Modeling Grid Electricity Demand using Artificial Intelligence Call ID: IDRC-SIDA-RUFORUM/WASCAL/A2063-IRG/2022

Modeling Grid Electricity Demand using Artificial Intelligence Call ID: IDRC-SIDA-RUFORUM/WASCAL/A2063-IRG/2022

Principal Investigator

Prof Olusanya Elisa OLUBUSOYE
Centre for Petroleum Energy Economics and Law, University of Ibadan, Ibadan, Nigeria.

Executive Summary

Global warming is a growing concern in every facet of life in recent years. Forecasts show a major shift in aerospace and agro processes in the foreseeable future due to the use of fossil fuels. This rapid climate change also caused by the corresponding need for energy will be exacerbated in the ecological spaces and processes on the African Continent, whose per capita electricity demand is well below the world average. The various energy options developed over the years have their individual merits and demerits as far as cost, efficiency, environmental degradation, and sustainability are concerned. Grid electricity, though environmentally friendly has issues of availability, accessibility and affordability. Hence a need to model grid demand and supply across Africa to meet benchmarked and set targets in line with national and regional economies’ decarbonization policies has arisen.

Profiling energy demand is crucial to energy transition for economies’ future, whether developed or developing, yet data and forecasts for Africa are yet very limited and at low spatial resolution to be used in energy modelling tools. It is clear in the literature that conventional and artificial intelligence (AI) models are widely used to forecast future energy needs and, in this project, will be used to estimate demand. Africa’s Energy industry has evolved over decades dynamically from crude means of power generation and supply to more advanced options available for adoption based on Load, availability, cost and sustainability of the environmental ambience thus shaping energy transition across the globe over time.

The Centre for Petroleum Energy Economics and Law (CPEEL) University of Ibadan in collaboration with PyPSA meets Africa proposes a machine learning solution to profiling electricity demand in African countries as a means to mitigate climate change. This requires a data-driven approach using machine learning as grid electricity has been seen as a hinged-on energy source availability cum dependencies, cost of transmission and distribution as against final consumer purchasing power, and global decarbonization drive/focus.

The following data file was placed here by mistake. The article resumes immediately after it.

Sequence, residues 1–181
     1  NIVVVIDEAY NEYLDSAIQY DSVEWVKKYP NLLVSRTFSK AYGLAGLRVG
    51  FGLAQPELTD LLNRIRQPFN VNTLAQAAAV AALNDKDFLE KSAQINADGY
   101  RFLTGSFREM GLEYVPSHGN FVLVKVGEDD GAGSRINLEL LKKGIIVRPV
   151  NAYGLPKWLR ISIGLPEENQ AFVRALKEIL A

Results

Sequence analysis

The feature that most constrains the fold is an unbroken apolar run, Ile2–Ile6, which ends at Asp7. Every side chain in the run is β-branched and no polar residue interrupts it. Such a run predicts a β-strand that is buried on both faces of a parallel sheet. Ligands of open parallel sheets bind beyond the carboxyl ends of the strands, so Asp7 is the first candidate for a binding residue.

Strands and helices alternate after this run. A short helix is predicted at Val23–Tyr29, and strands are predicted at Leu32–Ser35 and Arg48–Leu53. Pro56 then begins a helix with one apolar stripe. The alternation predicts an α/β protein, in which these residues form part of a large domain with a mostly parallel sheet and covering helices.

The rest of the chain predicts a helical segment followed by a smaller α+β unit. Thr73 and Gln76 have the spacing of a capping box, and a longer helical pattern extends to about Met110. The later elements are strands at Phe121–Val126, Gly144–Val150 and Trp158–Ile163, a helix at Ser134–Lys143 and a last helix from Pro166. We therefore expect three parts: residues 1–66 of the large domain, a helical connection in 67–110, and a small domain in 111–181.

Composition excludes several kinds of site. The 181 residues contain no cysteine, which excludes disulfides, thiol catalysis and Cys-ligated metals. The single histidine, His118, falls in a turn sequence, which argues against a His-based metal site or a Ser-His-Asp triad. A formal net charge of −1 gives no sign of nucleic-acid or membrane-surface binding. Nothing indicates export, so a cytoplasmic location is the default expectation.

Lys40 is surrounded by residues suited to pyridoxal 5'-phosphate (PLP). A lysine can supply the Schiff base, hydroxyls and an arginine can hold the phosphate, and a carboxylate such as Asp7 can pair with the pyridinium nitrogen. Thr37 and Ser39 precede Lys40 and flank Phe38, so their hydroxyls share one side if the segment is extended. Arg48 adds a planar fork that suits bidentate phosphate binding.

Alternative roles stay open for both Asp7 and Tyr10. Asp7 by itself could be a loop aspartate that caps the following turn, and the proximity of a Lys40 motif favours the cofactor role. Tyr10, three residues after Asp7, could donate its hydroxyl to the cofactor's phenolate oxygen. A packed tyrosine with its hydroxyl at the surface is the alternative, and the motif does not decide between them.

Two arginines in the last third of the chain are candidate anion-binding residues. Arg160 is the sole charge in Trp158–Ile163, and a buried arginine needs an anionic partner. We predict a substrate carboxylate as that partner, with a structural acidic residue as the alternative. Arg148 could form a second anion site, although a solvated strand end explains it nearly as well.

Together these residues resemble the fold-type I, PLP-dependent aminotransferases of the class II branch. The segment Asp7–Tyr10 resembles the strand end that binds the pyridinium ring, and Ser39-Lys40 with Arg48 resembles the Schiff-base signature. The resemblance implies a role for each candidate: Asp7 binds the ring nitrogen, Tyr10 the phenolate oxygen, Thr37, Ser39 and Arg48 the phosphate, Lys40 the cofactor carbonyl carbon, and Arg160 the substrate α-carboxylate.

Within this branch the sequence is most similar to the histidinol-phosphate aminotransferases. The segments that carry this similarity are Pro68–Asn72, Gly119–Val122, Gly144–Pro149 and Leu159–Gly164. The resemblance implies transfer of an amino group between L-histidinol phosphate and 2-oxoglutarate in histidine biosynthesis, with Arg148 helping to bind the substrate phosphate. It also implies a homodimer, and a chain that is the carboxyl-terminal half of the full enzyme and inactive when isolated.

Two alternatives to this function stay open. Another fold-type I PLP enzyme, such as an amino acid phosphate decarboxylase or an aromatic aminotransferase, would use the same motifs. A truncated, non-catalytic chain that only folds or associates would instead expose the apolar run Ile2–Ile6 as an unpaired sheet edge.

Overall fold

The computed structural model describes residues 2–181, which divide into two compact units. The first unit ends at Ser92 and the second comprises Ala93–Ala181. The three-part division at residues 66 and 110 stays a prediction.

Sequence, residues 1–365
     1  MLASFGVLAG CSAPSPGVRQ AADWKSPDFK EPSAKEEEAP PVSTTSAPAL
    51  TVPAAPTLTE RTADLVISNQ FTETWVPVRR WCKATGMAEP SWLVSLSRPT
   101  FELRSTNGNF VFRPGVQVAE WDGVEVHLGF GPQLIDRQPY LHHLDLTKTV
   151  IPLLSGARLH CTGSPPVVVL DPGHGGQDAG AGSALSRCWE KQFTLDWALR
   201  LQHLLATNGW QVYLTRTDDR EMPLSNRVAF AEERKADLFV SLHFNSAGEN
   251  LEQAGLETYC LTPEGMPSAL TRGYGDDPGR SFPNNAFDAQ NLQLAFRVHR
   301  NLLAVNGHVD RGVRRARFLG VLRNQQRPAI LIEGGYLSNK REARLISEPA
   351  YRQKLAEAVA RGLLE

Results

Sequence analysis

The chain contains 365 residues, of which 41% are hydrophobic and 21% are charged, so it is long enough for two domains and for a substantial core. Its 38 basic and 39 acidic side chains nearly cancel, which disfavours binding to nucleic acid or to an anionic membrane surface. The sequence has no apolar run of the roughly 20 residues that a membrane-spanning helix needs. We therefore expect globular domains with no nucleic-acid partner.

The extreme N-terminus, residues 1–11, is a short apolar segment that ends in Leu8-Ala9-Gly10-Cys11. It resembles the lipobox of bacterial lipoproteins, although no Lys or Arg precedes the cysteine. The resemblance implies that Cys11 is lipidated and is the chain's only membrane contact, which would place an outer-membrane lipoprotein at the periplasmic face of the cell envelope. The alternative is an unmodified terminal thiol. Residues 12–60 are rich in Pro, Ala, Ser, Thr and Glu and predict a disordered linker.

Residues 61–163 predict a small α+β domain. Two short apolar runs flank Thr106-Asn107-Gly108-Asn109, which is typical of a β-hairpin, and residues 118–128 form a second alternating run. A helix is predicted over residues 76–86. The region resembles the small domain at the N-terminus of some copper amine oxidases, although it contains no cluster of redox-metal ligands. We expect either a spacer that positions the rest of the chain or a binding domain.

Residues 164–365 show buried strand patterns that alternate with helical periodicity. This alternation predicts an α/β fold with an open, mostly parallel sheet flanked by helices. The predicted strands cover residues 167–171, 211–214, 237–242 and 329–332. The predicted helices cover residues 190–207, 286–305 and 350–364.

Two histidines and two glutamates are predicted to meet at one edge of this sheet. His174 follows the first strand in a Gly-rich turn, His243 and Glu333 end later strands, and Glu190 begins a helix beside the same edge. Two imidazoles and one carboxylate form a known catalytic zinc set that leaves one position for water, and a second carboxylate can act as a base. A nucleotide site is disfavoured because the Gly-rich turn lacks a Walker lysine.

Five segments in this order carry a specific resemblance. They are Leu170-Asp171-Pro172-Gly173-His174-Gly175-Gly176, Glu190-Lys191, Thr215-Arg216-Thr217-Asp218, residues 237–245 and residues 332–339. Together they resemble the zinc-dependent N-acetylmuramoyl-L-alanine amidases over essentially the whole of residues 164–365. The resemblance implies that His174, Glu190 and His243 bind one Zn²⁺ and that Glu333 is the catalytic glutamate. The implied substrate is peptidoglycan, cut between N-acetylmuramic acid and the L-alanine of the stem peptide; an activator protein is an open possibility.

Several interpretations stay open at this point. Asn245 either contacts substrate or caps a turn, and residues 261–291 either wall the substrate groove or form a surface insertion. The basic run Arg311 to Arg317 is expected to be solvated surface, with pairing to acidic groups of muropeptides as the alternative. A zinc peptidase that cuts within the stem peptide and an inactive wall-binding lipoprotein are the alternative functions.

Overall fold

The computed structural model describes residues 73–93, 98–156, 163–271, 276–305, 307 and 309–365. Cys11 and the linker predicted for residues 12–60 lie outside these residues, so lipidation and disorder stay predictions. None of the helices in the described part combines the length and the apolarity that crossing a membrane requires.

This study will adopt a mixed approach employing simulation and predictive algorithms on existing data which is to be statistically compared with real-time data. Furthermore, parameters to be adopted in the study entails Installed Capacity, Actual Generated Capacity, GDP Per Capita in PPP Annual Peak Load, Annual Base Load, Annual Electricity Consumption, Temperature and other Country Specific Variables includes (e.g. frequency of Grid Collapse) and foreign exchange rate. These parameters would be gathered over the past 10 years, while the model would allow for input from real-time data as the study is hinged on a time- series approach. Modelling and simulations would be done with the use of supervised machine learning processes.

Because darkness caused by incessant power outages has a particular environmental cost, this project will satisfy energy stakeholders’ desire for a data-driven grid demand model for economic prosperity and security. Furthermore, well-trained models would inform the true and optimal nature of grid demand and supply required for Africa’s energy transition. This would encourage energy optimization as related to both decarbonization and load cost energy system modelling


The broad objective is to improve climate-related electricity demand predictions using artificial intelligence to enhance net-zero planning by providing data for research and policy formulation. This will be achieved by developing a long-run forecast of electricity demand for Nigeria and other African regions in hourly resolution.
Very importantly, the research puts into consideration the following generic importance of AI.

(1) Descriptive – what happened?
(2) Diagnostic – How did it happen?
(3) Predictive – what will happen?
(3) Prescriptive – what should be done?

Key Research Question(s) and Hypotheses to be tested

To what extent can Artificial Intelligence predict national and regional grid electricity demand? What are the country-specific influencers of Grid supply and demand?
How did we arrive at the inputs we have today?
What would be obtainable in the future based on the inputs we have today (prediction).
What should be prescribed to either ensure we keep up with the prediction or we diverge from it if it is unfavorable.
What Lag exists in the model that could create investment opportunities?
What nexus exists between grid demand and urbanization?